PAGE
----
# dtweedie.saddle: Tweedie Distributions (saddlepoint approximation) In tweedie: Tweedie Exponential Family Models

## Description

Saddlepoint density for the Tweedie distributions

## Usage

 `1` ```dtweedie.saddle(y, xi=power, mu, phi, eps=1/6, power=NULL) ```

## Arguments

 `y` the vector of responses `xi` the value of xi such that the variance is var(Y) = phi * mu^xi `power` a synonym for xi `mu` the mean `phi` the dispersion `eps` the offset in computing the variance function. The default is `eps=1/6` (as suggested by Nelder and Pregibon, 1987).

## Details

The Tweedie family of distributions belong to the class of exponential dispersion models (EDMs), famous for their role in generalized linear models. The Tweedie distributions are the EDMs with a variance of the form var(Y) = phi * mu^power where power is greater than or equal to one, or less than or equal to zero. This function only evaluates for power greater than or equal to one. Special cases include the normal (power=0), Poisson (power=1 with phi=1), gamma (power=2) and inverse Gaussian (power=3) distributions. For other values of `power`, the distributions are still defined but cannot be written in closed form, and hence evaluation is very difficult.

When 1 < power < 2, the distribution are continuous for Y greater than zero, with a positive mass at Y=0. For power > 2, the distributions are continuous for Y greater than zero.

This function approximates the density using the saddlepoint approximation defined by Nelder and Pregibon (1987).

## Value

saddlepoint (approximate) density for the given Tweedie distribution with parameters `mu`, `phi` and `power`.

## Author(s)

Peter Dunn ([email protected])

## References

Daniels, H. E. (1954). Saddlepoint approximations in statistics. Annals of Mathematical Statistics, 25(4), 631–650.

Daniels, H. E. (1980). Exact saddlepoint approximations. Biometrika, 67, 59–63.

Dunn, P. K. and Smyth, G. K. (2008). Evaluation of Tweedie exponential dispersion model densities by Fourier inversion. Statistics and Computing, 18, 73–86.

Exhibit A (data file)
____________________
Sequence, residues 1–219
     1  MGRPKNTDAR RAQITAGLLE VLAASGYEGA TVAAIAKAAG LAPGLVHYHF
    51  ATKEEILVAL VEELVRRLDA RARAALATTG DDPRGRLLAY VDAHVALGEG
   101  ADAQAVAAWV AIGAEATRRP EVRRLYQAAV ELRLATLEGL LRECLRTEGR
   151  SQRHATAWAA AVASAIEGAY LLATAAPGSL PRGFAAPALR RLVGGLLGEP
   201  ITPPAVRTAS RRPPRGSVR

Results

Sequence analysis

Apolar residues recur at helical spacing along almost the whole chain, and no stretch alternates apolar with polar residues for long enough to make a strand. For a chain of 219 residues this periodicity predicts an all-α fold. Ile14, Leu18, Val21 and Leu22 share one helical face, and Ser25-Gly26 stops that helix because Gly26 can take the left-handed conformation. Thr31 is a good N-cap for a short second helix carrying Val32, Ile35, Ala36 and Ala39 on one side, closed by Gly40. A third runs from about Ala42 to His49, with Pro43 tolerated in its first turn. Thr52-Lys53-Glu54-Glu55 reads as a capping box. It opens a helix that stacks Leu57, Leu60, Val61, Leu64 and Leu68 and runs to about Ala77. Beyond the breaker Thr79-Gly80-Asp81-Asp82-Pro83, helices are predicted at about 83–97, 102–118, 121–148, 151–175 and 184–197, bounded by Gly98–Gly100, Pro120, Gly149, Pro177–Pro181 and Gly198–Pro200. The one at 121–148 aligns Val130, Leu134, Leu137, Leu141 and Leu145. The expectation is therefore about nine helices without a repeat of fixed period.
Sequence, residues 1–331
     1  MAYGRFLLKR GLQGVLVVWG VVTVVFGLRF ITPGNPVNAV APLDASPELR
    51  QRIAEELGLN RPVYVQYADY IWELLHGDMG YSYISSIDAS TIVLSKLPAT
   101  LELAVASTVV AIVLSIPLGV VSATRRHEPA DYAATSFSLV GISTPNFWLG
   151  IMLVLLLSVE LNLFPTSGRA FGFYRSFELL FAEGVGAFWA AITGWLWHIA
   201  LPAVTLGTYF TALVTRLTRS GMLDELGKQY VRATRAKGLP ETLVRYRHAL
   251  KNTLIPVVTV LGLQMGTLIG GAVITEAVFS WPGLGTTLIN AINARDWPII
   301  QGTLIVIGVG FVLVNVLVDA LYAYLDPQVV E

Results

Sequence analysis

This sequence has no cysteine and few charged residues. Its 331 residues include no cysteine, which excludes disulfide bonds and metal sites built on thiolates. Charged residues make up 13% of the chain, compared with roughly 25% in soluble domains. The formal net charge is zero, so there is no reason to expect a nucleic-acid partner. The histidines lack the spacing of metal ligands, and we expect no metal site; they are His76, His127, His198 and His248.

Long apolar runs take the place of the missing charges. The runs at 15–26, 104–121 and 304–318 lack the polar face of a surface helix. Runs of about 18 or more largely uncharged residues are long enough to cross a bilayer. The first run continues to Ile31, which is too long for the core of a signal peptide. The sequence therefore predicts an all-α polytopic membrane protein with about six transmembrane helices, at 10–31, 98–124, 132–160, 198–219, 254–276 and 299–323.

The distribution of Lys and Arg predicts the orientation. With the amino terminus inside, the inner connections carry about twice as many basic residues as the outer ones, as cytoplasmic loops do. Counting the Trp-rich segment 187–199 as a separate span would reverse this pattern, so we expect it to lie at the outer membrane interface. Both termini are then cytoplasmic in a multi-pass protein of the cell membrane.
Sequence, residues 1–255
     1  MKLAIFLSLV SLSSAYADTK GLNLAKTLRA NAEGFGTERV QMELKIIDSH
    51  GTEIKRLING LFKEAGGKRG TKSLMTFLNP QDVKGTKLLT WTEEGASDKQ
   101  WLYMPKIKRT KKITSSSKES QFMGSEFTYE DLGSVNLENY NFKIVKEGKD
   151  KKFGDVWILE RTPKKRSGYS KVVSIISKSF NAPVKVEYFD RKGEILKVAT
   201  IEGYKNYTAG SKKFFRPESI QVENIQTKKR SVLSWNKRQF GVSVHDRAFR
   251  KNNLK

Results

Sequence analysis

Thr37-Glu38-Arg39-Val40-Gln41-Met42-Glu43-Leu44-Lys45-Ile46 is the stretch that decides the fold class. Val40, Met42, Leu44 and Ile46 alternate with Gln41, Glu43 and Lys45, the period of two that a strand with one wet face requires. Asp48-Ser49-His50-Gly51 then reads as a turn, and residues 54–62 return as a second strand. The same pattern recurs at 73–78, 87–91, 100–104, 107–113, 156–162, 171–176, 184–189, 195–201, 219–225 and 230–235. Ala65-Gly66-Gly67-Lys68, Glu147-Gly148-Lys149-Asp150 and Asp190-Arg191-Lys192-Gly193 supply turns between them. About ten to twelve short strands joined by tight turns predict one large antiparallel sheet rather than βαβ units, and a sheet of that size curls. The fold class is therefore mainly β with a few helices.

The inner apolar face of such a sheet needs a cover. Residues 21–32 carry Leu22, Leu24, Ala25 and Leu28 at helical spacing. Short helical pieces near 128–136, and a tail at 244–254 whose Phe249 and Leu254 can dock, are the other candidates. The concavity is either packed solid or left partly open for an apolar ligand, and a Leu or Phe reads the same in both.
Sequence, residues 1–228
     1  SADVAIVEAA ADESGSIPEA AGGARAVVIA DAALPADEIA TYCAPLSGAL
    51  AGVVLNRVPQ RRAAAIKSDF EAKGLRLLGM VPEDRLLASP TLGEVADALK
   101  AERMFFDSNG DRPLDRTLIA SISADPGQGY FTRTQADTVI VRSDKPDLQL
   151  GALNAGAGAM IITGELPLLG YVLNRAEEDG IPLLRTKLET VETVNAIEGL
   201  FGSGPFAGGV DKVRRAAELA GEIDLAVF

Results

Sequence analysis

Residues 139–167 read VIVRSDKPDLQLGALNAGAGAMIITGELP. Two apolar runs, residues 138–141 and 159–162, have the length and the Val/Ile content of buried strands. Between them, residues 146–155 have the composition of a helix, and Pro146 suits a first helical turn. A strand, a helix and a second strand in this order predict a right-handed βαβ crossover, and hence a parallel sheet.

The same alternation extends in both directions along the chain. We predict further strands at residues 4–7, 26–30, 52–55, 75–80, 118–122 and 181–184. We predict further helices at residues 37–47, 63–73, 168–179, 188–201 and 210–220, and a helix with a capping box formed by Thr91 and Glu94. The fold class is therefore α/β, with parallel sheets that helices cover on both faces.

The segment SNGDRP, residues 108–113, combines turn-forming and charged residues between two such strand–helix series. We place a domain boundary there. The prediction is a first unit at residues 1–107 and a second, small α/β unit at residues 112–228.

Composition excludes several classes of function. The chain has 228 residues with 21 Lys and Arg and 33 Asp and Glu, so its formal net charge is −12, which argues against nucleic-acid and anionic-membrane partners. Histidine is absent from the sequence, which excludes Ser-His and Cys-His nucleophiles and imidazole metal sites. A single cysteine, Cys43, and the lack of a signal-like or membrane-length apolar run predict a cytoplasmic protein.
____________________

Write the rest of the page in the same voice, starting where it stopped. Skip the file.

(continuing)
Dunn, Peter K and Smyth, Gordon K (2001). Tweedie family densities: methods of evaluation. Proceedings of the 16th International Workshop on Statistical Modelling, Odense, Denmark, 2–6 July

Dunn, Peter K and Smyth, Gordon K (2005). Series evaluation of Tweedie exponential dispersion model densities Statistics and Computing, 15(4). 267–280.

Jorgensen, B. (1987). Exponential dispersion models. Journal of the Royal Statistical Society, B, 49, 127-162.

Jorgensen, B. (1997). Theory of Dispersion Models, Chapman and Hall, London.

Nelder, J. A. and Pregibon, D. (1987). An extended quasi-likelihood function. Biometrika, 74(2), 221–232.

Tweedie, M. C. K. (1984). An index which distinguishes between some important exponential families. Statistics: Applications and New Directions. Proceedings of the Indian Statistical Institute Golden Jubilee International Conference (Eds. J. K. Ghosh and J. Roy), pp. 579-604. Calcutta: Indian Statistical Institute.

`dtweedie`
 ```1 2 3 4 5 6 7 8 9``` ```p <- 2.5 mu <- 1 phi <- 1 y <- seq(0, 10, length=100) fy <- dtweedie( y=y, power=p, mu=mu, phi=phi) plot(y, fy, type="l") # Compare to the saddlepoint density f.saddle <- dtweedie.saddle( y=y, power=p, mu=mu, phi=phi) lines( y, f.saddle, col=2 ) ```